The Scorekeepers Judge Themselves Against the Athletes

Winter comes, and within it, Christmastime. All through December the postcards arrive, bright colors, bearing tales of steamy lands, liaisons. Jeweled pictures of parrots, islands, deserts.

“Five today,” he tells Miranda, “three for you, two for me.”

She smiles triumphantly. “That puts me ahead, doesn’t it?”

He opens the little address book they keep their tallies in, adds the hash marks after their names. “Just barely,” he admits. “Twenty-one to twenty.”


“But I haven’t gotten any yet from Europe, and I know I outdid you there.” He flips back through the names, runs a finger along the pages. “Thirty to — really? — eighteen? Eighteen?”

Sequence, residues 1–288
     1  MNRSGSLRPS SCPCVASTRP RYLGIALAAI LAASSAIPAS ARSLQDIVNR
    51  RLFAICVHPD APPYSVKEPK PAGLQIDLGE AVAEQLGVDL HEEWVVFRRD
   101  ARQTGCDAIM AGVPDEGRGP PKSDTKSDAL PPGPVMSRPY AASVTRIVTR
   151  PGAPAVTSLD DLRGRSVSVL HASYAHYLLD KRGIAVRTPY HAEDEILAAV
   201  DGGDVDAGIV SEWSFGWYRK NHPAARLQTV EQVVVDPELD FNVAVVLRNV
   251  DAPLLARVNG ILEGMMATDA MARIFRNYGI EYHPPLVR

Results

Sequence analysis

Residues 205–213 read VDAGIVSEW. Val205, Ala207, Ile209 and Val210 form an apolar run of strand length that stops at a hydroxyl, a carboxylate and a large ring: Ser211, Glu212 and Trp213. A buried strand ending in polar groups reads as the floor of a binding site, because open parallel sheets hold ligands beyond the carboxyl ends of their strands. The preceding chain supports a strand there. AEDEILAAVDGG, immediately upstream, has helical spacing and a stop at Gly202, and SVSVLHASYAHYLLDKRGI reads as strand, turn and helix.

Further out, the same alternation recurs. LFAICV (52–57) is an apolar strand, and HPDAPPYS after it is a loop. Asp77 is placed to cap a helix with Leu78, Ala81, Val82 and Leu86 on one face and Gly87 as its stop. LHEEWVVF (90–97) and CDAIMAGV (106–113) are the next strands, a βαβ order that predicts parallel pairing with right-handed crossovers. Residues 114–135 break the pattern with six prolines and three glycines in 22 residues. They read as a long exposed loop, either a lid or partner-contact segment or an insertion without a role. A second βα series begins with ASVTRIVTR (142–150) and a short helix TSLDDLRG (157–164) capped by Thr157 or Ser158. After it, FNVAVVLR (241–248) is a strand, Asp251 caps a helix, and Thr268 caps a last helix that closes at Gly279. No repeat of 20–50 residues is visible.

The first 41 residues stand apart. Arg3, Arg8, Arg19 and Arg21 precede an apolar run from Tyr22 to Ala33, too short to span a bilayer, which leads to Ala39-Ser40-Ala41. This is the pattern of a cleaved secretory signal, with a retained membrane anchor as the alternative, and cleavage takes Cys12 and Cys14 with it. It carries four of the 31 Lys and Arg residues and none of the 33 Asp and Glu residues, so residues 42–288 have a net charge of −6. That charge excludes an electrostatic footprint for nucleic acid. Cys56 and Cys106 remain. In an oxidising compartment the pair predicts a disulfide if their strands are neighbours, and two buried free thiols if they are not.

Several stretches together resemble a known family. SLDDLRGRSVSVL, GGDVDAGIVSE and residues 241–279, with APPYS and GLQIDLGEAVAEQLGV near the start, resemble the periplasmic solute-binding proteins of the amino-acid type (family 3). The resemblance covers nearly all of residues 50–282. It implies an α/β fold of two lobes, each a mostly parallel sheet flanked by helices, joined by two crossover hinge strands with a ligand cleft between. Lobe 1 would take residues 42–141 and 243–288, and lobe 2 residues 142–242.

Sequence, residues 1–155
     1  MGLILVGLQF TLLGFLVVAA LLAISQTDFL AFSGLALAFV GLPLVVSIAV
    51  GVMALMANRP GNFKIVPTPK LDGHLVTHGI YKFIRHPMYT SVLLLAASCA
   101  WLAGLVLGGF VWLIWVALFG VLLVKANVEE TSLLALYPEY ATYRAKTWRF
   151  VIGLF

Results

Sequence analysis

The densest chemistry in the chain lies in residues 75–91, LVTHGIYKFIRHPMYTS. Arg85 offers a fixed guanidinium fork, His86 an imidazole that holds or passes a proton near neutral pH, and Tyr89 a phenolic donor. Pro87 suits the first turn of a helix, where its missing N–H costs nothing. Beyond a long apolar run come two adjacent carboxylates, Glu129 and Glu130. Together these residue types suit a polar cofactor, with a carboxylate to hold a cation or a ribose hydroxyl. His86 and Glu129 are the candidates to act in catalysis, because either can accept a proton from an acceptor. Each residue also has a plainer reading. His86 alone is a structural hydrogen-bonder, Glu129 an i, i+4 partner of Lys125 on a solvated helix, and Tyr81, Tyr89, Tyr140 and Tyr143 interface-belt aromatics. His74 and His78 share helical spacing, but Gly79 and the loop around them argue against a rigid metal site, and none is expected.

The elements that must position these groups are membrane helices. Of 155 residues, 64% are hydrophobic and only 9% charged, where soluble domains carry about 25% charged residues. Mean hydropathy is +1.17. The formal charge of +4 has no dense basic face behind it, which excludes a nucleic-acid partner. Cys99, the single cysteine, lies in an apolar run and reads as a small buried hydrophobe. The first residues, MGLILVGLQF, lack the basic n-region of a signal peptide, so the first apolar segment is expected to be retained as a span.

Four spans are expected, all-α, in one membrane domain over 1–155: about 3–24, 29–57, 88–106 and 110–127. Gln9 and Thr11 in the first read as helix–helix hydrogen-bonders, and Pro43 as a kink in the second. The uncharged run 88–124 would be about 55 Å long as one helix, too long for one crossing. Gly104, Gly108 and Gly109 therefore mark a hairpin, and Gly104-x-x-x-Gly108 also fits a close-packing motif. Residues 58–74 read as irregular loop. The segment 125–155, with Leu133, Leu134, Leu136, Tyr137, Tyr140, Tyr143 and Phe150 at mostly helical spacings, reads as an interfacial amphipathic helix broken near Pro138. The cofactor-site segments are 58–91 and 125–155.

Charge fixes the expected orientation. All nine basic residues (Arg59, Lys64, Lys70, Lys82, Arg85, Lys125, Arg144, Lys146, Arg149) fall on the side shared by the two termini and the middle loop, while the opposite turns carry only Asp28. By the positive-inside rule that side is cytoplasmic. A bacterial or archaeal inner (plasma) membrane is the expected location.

She wrinkles her nose. “I don’t like Europeans. So sure of themselves, so weary.”

“Decadent. Five hundred years of refinement and debauchery. De Sade, Joyce, Templeton.”


“Nin, then. Miller.”

“Expatriates!” It’s an old argument, familiar and comfortable, without rancor.

Next week she checks the mail, since she’s ahead. “Six, Simon. All for you. Damn it!”

“My Europeans, how devoted they are!”

“And one sent a picture.” She smiles and he blanches. “A tasteful picture.”

“Look –”

“She’s old enough to be my grandmother! I don’t know how you do it.”

“All for the Empire, you know.”